How much should I work as a minister?

One of the questions that has troubled me ever since I started in "full-tine" ministry is: how much ministry I should be doing each week?  It's ironic that as I was thinking about writing this blog, I was ill (again), probably at least partly because I was tired (again), probably at least partly because I was too busy (again!).

When I started in ministry, at times it felt like it was a competition as to who could do the most work.  People would quote "better to burn out than rust out" (which for some reason I though was from Robert Murray M'Cheyne, although it seems to actually be Neil Young!  Although William C. Burns seems to have said something similar).  And plenty it seemed were burning out!

I can remember being taught from the following verse:

For this I toil, struggling with all his energy that he powerfully works within me. (Colossains 1:29 ESV)

and feeling the challenge to work hard (and in reliance on God).  However, that verse doesn't really seem to address how much time in a normal ministry to be working.

In this blog, I want to put a few theological reflections and questions in place.  In the next I want to discuss a few common models and their pros and cons and then in the final blog I want to try and synthesize my ideas a bit.

Here are my not very radical theological reflections.

  1. The Bible doesn't seem to tell me the specifics about how much I should do.  I.e. I don't see a NT description or a prescription of the average working week for a church elder.  Now I think that's probably a pretty obvious thing to say, but it's important to realise we're working with more general principles and with wisdom.
  2. We are to work diligently.  I take it that is the lesson from Colossians 1:29 (see also 1 Thes. 2:9; 5:12; 2 Thes. 3:8; 1 Tim. 5:17).  It is undoubtedly possible to be a lazy pastor, but we shouldn't be.  We are to work hard and diligently.
  3. We are to rest.  Now rest is a much broader idea than having time off from work, but it isn't less than that (hence it is six days that we labour and do all our work in Exodus 20:9).  Now, I know there's a whole sabbatarian argument here (i.e. does the sabbath follow to NT believers or not).  Let's put that aside for a minute and suggest that it is (a) unlikely that whole practice of resting from work was lost in the New Covenant, (b) Jesus seems aware of the need for us to rest (Mark 4:38; Mark 6:31; John 4:6), (c) God has created us such that we can't function without rest (as Jesus shows).  Now undoubtedly it is possible to rest too much (think of some of things Proverbs says about the lazy) and at the wrong time (think of the disciples in Gethsemane).  However, we do need to plan to rest.
None of that is very radical, but it does seem to leave a rather open field in which wisdom comes into play.  So let me pose a few questions that tend to pop around my mind on this issue.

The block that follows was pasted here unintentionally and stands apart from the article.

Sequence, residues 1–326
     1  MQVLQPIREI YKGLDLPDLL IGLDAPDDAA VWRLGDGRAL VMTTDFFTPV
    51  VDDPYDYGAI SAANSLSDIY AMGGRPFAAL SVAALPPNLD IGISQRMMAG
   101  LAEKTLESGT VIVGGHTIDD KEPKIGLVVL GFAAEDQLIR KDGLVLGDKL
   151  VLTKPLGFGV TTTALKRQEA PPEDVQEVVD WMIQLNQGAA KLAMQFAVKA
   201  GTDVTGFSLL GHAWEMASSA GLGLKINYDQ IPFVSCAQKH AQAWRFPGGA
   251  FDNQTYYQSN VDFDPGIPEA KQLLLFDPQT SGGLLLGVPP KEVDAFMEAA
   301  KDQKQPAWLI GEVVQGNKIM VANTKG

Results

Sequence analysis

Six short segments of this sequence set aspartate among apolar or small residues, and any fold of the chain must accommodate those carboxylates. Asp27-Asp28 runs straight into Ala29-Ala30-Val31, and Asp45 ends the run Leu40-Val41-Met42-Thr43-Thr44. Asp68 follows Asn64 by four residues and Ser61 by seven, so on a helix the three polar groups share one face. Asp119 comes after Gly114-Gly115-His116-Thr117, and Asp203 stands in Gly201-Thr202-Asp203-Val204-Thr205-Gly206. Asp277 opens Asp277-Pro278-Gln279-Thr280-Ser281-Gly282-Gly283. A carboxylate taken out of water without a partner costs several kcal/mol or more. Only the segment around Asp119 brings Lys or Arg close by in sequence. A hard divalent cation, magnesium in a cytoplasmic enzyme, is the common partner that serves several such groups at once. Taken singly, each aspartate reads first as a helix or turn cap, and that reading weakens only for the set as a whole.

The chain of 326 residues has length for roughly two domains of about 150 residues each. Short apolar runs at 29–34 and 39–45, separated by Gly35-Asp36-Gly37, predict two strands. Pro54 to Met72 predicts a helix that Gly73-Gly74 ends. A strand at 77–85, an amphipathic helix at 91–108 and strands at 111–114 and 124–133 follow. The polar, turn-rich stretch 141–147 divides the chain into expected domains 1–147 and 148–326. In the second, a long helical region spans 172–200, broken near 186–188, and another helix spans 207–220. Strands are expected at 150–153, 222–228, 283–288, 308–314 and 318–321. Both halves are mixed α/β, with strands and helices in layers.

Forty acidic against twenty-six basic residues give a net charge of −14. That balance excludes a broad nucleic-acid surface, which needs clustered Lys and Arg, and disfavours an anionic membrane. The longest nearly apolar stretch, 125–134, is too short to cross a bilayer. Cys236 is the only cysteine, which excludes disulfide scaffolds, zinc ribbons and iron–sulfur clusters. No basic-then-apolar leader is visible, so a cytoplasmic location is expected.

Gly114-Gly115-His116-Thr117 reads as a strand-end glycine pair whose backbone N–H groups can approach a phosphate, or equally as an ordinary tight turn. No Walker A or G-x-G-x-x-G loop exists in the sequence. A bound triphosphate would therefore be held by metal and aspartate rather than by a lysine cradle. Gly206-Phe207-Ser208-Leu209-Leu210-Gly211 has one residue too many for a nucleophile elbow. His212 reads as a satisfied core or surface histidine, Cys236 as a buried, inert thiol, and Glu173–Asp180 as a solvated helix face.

1. What is work and what is rest?  As a minister those things can be quite hard to define.  Is going to the church social event work or not?  Is doing my quiet time part of my working week? Actually, as a Christian those things are quite hard to define.  We tend to define work as what we're paid to do, but I don't think that is the Bible conception.  So cleaning, washing, cooking, gardening (at least my kind of gardening!) and so on is work, even though we do it out of work (paid employment) time.
  2. How does ministry fit with my family and other responsibilities?  The two have a big impact on each other (if my family is a mess so is my ministry and if my ministry is a mess, well my family will know about it!).
  3. There comes a point where doing more is fruitless and a potentially different (although there is some relationship) point where doing more is damaging.  The first is the law of diminishing returns and can be seen in sermon prep (beyond a certain period of time, the sermon is not going to get noticeably better to the listeners).  The second is more complex - it can be that doing too much damages your health, or makes you do things badly because you're tired, or makes you do things badly just because you can't really cope.  The question is: how do you judge these points accurately?
  4. How do you balance the long term and the short term?  I suppose this is simply saying that the burn out/rust out dichotomy is a false one.  We want to do long term effective ministry, but that requires planning what I do today and this week!
I think some of these turn out to be the wrong questions.  I think the best way to see that is by thinking about different suggested models for a ministry working week.  That's what I'll write about next time.

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